Morning Guys....is it really morning? My last few days have been so mixed up I really have no idea.....
TAEM = Terminal Area Energy Management. This is a fancy term for making sure that you always have a positive margin of energy to make the runway. Since the shuttle is a glider, you can only take away excess total energy, you can't add any. TAEM is a software module in the Shuttle that kicks in about 2.5 Mach. It is designed to guide the shuttle to the runway environment with excess energy, so that we are absolutely sure that we won't land short. to do this with a safety margin, you will always get there with an excess.
The result is an approach with a built in "circle to land". When you come into the airport environment, you are aiming not for the start of the final approach, but at a "Heading Alignment Cylinder" (OK, it's actually a cone, but the acronym has been used both ways...), or HAC. The HAC is a circle of decreasing radius off the end of the runway which lines you up on centerline, and you use it to modulate your energy so that you always arrive on final at the same energy state (distance and altitude from the runway at 295 knots IAS).
If you are approaching from the west for a landing on 33, and you have plenty of energy, you fly OVER the field, and turn right onto the hack that is southeast of the threshold, turning 270 degrees to get rid of the energy. That would be Plan A. But let's say that the winds weren't as expected, and as you are approaching the field from out over the gulf, the TAEM software says you are running low on energy. In that case, you can downmode to the HAC on the southwest side of the threshold, which means you make a LEFT turn, and only turn 90 degrees. See how it works?
(RV Content - you can do this same kind of planning in your head for a dead-stick emergency landing to make sure you make your field!)
Once the HAC dumps you out on final, you are doing 295 knots, on a 19 degree glideslope for the runway, passing through about 14,000'. At this point, you still have some excess energy, and the speed brake is used to dump that. Usually, you leave it in auto, letting it maintain speed and fly to the glideslope using pitch. The aim-point at this time is actually short of the runway. You say on this glideslope until about 2,000', where you fly a constant-G pull-out that we call the "Preflare" to attain a 0.5 degree glideslope, changing your aim point to a spot about 2500 feet down the runway. You hold that shallow glideslope until touchdown at about 195 knots (205 heavy). Piece of cake....except the Orbiter, being a delta wing, has negative glideslope response, so if you increase pitch, the instantaneous response is an increase in sink, not a decrease.....but that is a whole 'nuther article. The bottom line is that you bets be set up for touchdown at the end of the pre-flare, because if you work too hard to sweeten the landing, you just make things worse....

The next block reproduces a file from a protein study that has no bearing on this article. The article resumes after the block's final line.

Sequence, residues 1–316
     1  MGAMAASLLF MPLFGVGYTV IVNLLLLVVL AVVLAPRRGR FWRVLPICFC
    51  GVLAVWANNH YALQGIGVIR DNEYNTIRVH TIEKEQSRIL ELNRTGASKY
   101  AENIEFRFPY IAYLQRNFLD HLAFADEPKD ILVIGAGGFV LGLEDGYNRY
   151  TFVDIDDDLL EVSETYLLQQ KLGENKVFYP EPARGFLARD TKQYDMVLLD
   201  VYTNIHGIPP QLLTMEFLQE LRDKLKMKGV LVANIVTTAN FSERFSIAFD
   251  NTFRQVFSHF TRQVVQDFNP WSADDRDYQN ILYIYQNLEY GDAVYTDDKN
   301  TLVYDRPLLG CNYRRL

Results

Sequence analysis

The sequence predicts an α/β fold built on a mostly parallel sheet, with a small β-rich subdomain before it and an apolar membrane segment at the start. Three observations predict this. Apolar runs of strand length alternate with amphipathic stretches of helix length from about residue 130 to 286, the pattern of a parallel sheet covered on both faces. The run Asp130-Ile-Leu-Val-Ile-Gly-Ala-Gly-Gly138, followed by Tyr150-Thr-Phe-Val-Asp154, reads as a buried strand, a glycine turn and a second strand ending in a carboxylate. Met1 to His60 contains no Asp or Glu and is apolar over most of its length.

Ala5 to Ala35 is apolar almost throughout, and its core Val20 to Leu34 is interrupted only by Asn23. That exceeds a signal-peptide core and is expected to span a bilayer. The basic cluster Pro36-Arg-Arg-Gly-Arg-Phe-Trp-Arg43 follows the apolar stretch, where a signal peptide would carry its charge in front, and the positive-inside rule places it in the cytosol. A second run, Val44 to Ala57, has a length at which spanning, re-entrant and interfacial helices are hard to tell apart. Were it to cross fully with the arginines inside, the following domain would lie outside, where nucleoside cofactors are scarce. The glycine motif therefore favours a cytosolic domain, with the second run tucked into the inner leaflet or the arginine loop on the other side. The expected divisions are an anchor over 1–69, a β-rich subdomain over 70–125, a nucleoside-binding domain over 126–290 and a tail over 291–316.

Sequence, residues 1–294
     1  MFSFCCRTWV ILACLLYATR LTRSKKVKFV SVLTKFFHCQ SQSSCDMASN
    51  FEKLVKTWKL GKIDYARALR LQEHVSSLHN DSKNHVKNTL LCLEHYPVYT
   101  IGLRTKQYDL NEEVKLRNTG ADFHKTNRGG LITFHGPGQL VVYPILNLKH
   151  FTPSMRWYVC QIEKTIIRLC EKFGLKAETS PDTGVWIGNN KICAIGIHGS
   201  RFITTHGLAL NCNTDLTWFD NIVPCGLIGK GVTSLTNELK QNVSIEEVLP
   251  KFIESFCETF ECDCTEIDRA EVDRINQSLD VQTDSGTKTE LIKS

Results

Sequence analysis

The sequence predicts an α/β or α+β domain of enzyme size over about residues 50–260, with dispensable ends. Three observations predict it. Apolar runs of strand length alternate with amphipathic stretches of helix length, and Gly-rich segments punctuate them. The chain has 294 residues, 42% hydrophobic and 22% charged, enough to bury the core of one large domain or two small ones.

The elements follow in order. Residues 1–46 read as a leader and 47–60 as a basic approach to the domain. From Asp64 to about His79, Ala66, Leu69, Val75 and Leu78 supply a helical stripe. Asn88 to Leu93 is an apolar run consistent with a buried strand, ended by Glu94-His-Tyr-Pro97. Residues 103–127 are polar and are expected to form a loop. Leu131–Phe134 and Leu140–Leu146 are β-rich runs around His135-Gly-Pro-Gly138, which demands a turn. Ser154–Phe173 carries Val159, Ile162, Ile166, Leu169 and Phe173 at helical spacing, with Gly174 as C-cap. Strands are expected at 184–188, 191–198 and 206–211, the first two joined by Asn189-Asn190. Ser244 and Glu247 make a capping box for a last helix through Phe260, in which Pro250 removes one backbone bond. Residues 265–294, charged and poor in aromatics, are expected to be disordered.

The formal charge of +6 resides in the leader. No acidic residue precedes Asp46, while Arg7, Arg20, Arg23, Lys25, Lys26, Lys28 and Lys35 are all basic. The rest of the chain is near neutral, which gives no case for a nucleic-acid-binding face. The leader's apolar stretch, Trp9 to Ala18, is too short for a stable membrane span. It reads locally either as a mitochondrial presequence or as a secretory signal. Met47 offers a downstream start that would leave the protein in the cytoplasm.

And Doug is pretty much right on the big fan on the runway - it is used IN CASE there are any toxic gasses escaping form the vehicle. They deploy that first, then send out guys in suits with sniffers to make sure the jets aren't leaking (rocket fuel is REALLY nasty stuff!). Once they have cleared the vehicle, then it is safe to approach in regular clothes - but they keep the fan running anyways - I think maybe they think it keeps the 'skeeters away?
OK, that qualifies as my work for today....gotta run out to Ellington to welcome the crew back to Houston at noon - if you're in the area, come join us! But first, I'm headed to the airport to give the Valkyrie a Dynamic Prop Balancing I've been promising her all along.....just now getting around to it.